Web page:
With the inter-ministerial group (IMG) on telecom expected to submit its recommendations soon, Vodafone Group CEO Vittorio Colao has urged the Indian government to reduce interest rates on deferred spectrum payments and appealed that mobile termination charges (MTC) be not reduced further. In a letter dated Aug 22, a copy of which is available with IANS, Colao has written to Communications Minister Manoj Sinha saying that: “We hope that the IMG will recommend a reduction in the interest rates for deferred spectrum payments to 6.25 per cent in line with the improved macro-economic trends and an increase in the period of payment for spectrum.” The company mentioned it has invested over Rs 1,340 billion in India to build its mobile network. The letter said: “On mobile termination charges, we are seriously alarmed to see reports that the Regulator is considering a reduction in MTC at a time when the industry is facing such immense hardships. Any reduction in MTC risks large scale site shut-down of already unprofitable sites in rural India and which would greatly diminish the population coverage of mobile telephony.”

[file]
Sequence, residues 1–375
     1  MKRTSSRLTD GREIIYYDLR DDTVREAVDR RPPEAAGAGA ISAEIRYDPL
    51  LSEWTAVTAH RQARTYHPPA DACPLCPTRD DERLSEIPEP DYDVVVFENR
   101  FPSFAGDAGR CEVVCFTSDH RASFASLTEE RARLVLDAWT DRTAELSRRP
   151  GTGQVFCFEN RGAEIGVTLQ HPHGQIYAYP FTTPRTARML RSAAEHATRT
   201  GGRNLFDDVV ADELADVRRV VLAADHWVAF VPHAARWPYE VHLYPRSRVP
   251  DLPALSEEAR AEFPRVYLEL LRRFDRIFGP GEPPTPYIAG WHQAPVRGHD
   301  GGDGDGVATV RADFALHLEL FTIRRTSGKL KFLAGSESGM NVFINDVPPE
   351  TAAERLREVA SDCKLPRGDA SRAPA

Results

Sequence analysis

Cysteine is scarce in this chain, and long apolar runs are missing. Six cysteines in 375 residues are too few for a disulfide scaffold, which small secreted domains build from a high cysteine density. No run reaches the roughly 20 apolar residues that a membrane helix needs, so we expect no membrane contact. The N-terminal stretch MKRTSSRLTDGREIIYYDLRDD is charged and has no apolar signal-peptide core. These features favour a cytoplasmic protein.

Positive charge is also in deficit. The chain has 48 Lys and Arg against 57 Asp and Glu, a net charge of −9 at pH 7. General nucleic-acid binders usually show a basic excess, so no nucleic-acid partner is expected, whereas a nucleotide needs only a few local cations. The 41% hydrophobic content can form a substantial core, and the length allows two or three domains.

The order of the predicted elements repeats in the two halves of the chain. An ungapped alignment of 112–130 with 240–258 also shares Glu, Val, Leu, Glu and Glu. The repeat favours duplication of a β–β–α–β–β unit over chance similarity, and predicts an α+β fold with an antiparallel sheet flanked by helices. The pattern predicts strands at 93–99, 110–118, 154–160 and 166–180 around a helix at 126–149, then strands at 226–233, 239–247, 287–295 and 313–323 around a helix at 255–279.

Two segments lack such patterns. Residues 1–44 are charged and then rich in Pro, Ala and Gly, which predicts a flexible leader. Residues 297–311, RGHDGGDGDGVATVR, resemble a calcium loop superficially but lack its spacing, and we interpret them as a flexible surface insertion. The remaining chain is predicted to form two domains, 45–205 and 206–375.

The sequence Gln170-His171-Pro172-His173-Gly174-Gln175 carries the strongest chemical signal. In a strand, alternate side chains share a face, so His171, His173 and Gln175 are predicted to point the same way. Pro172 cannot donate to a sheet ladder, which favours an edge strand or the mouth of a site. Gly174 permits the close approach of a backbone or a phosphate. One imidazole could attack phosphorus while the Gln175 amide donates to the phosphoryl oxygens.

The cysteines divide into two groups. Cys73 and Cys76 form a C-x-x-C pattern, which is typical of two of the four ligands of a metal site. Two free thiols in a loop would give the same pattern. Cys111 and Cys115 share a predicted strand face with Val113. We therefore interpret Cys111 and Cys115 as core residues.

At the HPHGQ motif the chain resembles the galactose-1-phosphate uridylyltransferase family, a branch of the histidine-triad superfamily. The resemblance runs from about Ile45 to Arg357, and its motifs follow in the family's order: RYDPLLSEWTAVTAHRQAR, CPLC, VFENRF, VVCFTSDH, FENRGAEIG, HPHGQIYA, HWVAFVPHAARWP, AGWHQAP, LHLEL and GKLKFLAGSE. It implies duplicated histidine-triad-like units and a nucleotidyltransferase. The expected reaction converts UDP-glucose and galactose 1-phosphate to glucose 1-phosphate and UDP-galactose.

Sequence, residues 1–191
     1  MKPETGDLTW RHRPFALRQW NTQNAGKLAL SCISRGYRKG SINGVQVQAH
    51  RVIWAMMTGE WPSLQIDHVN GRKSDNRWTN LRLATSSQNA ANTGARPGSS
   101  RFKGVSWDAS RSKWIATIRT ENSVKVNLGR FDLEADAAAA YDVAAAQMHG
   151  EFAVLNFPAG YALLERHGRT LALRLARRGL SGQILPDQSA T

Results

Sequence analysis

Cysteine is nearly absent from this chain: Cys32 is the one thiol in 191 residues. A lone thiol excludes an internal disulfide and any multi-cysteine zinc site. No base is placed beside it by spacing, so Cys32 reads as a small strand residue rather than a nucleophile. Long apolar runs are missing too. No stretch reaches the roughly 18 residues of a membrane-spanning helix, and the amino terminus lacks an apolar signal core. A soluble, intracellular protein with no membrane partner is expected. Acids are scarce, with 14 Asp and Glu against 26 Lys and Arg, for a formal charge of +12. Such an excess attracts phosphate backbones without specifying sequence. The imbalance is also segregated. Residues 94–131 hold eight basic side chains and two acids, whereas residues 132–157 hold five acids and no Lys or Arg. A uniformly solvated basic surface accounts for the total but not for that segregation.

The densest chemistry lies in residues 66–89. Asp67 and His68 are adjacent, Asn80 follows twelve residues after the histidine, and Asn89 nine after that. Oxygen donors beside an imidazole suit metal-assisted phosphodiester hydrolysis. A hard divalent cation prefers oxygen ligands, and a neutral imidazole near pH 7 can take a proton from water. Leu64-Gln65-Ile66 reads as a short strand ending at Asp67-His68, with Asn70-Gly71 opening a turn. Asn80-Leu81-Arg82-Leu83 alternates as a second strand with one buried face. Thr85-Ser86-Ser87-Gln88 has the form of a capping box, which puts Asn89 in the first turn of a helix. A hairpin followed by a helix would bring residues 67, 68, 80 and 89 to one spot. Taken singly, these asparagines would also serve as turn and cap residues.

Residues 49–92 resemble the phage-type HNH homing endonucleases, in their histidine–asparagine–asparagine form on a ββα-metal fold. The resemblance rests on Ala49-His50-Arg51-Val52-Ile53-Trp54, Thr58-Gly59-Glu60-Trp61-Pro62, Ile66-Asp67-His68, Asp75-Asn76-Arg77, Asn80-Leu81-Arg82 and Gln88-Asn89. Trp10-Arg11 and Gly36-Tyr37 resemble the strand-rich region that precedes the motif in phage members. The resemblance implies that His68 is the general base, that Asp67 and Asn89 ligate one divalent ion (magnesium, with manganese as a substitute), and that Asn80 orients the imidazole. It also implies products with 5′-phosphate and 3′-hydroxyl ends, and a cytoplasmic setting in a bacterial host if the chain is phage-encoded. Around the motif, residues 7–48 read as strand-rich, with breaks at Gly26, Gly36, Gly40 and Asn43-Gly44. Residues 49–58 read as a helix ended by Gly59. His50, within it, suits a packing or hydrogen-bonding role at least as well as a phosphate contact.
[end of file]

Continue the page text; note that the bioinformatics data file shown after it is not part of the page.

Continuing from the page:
The task of the IMG is to examine systemic issues affecting viability and repayment capacity of the telecom sector and furnish recommendations for resolution of stressed assets. The group, comprising officials from the Finance and Telecom Ministries, was set up after top banks expressed concern about financial stress in the industry. “We request your urgent intervention to safeguard the future of the telecom sector and ensure that there should be no further reduction in MTC as it would destabilise the sector, defeat government’s rural coverage objectives and cause huge inconvenience to citizens, in particular, in rural India,” Colao said.
He added: “We reiterate our long-term commitment to the government vision of Digital India and request your urgent intervention and consideration of our above submissions.” Taking a dig at Reliance Jio, he said: “There is a view being propagated by the new entrant that as a 4G-only operator, it has a cost advantage in the region of 70 per cent compared to the established 2G/3G/4G operators. There is no evidence — either Indian or international — to support such a claim.”
“It is also clear from the TRAI (Telecom Regulatory Authority of India) industry workshop on MTC, that Reliance Jio has assumed continued growth of an implausible level of paid traffic on its network. However, the present traffic levels are a result of extreme promotional activity and generated by incurring huge losses.
“Reliance Jio is also assuming that it can recover its costs many years into the future. However, continued under-pricing of services leads to a rapidly increasing cost per subscriber, recovery of which will require higher ARPUs in future, which is unfeasible/ unrealistic. It is undesirable for a critical core industry like telecom to be regulated based on the ambition of a new operator with no history of financial sustenance,” Colao added.